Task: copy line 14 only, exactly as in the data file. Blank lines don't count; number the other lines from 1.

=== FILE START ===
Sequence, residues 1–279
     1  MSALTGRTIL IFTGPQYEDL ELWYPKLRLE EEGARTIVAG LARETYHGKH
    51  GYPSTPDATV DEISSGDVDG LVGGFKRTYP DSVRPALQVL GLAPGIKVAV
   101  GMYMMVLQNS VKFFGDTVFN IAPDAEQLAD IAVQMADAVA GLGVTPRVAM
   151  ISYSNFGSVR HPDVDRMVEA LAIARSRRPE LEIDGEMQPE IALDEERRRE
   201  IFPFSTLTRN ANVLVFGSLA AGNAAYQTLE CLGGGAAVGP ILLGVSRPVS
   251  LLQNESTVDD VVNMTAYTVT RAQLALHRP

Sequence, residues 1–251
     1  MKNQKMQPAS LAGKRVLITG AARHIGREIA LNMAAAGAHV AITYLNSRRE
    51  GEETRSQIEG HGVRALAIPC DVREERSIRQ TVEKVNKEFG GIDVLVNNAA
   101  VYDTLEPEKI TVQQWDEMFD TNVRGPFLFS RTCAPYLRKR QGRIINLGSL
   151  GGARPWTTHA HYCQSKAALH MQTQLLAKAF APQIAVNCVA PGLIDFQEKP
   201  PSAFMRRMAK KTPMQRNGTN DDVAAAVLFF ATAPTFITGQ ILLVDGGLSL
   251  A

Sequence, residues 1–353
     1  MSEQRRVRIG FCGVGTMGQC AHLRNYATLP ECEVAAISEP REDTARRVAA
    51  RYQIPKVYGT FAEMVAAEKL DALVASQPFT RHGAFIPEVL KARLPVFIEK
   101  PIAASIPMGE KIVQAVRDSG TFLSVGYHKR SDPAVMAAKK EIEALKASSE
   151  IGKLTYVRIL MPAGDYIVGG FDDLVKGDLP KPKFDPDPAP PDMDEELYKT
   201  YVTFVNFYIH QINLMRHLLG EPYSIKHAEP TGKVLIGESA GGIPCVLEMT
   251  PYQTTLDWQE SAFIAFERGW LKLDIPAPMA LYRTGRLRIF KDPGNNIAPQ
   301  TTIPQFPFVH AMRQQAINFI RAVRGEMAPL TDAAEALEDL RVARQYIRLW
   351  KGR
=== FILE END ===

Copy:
   251  A